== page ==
La Coruña

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Nestled along the dramatic coastline of Galicia, La Coruña is a small but attractive northern Spanish port city. The main attraction is its Roman lighthouse, though the port also serves as a gateway to explore the rest of the stunning region, known for its own traditional cuisine and lush green landscapes.


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The southern Spanish city of Almería is a popular port for travelers on Mediterranean cruises, though it’s not as busy as you might expect. Many visitors use the day in Almería to visit Granada, located about an hour and a half northwest. Granada is one of the most beloved cities in Spain, known for its one-of-a-kind Moorish architecture at the Alhambra.


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Technically Gibraltar isn’t a Spanish cruise port – this historic port city on the southern coast of Spain is a British Overseas Territory – but it’s a highlight destination on many cruises to Spain. The unique British enclave is most famously home to the dramatic Rock of Gibraltar and offers plenty to see and do for cruise ship visitors.


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The small port of Palamos isn’t one you’ll find on many cruise itineraries, with only smaller luxury ships like Silversea, Seabourn Cruise Line, or Windstar Cruises stopping here. However, privileged travelers who make it to Palamos often consider it among the highlights of their experience in Spain. Palamos is located in the picturesque Costa Brava region of northern Spain, located between Barcelona and Spain’s border with France and has a charming old town, is easy accessibility to nearby beaches, and has plenty of different ways to enjoy a day at port.

Santa Cruz de Tenerife

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Santa Cruz de Tenerife is the main port on the island of Tenerife, among Spain’s sunkissed Canary Islands. For travelers who make it to this corner of Spain and dock at Santa Cruz de Tenerife there is plenty to love, including nearby beaches and plenty of historical and cultural attractions to visit in town.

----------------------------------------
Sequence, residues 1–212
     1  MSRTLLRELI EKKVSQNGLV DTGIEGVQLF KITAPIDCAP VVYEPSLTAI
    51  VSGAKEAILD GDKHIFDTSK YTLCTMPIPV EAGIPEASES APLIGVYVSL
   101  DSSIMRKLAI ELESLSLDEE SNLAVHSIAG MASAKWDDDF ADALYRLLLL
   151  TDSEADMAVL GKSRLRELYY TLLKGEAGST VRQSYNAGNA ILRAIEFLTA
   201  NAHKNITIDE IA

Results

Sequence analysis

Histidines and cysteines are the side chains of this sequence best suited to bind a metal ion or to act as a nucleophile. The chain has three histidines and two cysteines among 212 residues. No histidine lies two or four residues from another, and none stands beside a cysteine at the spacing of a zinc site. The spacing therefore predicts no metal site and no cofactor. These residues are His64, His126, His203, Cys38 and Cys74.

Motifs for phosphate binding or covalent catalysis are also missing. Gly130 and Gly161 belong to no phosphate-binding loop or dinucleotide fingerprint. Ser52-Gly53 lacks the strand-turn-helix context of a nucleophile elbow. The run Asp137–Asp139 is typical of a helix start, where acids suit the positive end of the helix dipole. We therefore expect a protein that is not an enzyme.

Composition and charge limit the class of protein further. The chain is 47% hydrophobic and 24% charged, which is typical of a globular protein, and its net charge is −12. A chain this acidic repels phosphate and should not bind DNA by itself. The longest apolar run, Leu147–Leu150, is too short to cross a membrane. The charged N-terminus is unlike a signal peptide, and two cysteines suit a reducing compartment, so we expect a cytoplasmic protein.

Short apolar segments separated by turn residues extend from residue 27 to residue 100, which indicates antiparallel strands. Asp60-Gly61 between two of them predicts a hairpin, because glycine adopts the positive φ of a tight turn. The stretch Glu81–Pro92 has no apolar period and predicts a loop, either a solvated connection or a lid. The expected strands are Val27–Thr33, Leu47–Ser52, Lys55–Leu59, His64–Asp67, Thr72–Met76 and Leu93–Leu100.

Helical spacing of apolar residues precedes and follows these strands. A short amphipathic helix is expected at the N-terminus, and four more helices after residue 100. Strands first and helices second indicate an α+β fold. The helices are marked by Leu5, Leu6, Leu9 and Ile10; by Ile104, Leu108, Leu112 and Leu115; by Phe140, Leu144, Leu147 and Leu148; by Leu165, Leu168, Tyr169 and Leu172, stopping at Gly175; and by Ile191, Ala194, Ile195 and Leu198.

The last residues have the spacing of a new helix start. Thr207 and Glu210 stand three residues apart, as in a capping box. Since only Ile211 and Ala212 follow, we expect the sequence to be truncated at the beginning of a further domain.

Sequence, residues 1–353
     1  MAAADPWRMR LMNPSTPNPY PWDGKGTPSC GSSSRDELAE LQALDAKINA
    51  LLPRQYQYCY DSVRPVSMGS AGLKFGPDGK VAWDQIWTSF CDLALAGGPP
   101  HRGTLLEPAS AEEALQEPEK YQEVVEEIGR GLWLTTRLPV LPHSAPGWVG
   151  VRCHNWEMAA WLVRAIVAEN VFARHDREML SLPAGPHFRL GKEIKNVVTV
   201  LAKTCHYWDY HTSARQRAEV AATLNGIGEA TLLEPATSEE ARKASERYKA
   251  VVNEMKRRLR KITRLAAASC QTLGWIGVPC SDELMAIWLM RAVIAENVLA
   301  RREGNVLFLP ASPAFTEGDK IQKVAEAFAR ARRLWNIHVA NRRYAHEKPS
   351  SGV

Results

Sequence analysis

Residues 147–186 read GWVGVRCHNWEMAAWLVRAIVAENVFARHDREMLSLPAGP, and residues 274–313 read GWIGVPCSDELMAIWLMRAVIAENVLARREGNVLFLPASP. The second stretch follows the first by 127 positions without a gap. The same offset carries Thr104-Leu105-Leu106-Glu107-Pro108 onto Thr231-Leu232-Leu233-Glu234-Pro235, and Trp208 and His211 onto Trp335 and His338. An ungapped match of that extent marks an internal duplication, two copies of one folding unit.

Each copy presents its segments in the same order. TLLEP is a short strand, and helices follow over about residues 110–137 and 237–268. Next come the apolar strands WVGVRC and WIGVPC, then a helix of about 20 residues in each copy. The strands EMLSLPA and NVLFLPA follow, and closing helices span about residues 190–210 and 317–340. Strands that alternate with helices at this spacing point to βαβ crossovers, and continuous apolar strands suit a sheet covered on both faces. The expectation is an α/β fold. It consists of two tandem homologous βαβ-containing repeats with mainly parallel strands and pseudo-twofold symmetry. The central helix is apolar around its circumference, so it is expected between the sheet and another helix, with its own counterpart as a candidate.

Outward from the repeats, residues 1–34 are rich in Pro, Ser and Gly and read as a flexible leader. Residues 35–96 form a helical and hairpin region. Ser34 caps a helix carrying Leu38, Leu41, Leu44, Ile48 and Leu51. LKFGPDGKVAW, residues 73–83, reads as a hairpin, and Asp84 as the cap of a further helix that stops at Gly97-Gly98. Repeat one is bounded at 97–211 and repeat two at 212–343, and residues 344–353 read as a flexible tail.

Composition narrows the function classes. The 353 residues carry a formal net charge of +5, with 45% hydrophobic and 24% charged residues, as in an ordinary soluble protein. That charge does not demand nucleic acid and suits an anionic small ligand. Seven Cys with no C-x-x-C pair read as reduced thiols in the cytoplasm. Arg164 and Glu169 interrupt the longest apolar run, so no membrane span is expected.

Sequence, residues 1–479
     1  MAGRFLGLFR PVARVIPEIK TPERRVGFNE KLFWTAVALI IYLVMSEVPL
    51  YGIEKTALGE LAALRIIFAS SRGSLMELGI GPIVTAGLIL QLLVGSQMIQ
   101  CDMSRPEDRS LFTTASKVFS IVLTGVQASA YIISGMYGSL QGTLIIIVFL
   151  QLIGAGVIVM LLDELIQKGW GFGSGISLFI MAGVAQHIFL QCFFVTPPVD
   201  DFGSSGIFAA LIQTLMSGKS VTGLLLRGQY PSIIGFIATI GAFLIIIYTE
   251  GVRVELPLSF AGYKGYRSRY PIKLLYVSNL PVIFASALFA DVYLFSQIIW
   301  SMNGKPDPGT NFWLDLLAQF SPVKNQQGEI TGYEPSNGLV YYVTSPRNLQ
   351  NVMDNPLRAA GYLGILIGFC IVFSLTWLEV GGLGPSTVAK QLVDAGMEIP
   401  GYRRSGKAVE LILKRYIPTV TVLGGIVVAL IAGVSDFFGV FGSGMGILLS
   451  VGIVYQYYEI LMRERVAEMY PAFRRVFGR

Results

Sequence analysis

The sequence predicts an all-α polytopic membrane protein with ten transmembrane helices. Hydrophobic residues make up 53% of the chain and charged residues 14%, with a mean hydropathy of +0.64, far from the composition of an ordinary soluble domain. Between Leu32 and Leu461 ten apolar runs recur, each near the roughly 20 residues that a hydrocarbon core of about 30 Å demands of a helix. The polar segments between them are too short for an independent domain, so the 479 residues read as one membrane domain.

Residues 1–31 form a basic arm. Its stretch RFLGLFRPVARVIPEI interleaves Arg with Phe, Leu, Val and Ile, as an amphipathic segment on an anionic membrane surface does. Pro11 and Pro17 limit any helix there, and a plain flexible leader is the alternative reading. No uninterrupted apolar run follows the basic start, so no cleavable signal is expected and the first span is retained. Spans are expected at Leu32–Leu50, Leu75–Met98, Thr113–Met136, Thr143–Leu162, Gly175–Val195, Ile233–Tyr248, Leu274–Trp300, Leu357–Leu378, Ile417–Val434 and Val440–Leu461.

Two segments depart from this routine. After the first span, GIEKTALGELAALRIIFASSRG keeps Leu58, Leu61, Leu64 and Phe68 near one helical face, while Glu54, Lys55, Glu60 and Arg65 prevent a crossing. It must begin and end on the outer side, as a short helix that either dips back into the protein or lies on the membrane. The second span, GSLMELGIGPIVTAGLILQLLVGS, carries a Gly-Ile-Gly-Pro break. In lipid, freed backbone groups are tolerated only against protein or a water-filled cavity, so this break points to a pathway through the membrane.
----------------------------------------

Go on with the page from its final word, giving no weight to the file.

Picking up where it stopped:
Las Palmas

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Las Palmas is the main port city on the island of Gran Canaria in Spain’s Canary Islands. Hike the island’s volcano or head to beaches lined with dunes, which are both popular excursions for cruise ship passengers. Just a five-minute walk from the port are beaches and the town’s historic treasures.


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The tiny cruise port on the island of Lanzarote is one of the smaller ports in Spain’s Canary Islands, though travelers on small ships and expedition cruises to the islands will love it. The entire island was declared a UNESCO biosphere reserve in 1993, and with its hot desert climates and unique landscapes, it’s a memorable stop.


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Located on the Mediterranean island of Menorca, the port of Mahón is often overlooked by travelers excited to visit buzzier spots like Ibiza and Palma de Mallorca, but it has plenty to impress. Travelers love Menorca’s stunning beaches, which tend to be less hectic and more relaxed than many of those on neighboring islands.

carley rojas avila

Carley Rojas Avila is a bilingual New York-based travel writer, editor, content marketer, and the founder of the digital travel publications Explorers Away and Home to Havana. Carley is an expert on all things Latin America, the Caribbean, and Cuba, having lived and worked in four different countries in the region. Her writing has appeared on the Associated Press wires and in Travel + Leisure, Yahoo, MSN, Euronews, The Weather Channel, and more. When she's not writing about her travels, find her front row at a Bad Bunny concert, befriending street cats, and taste-testing every pizza in Havana.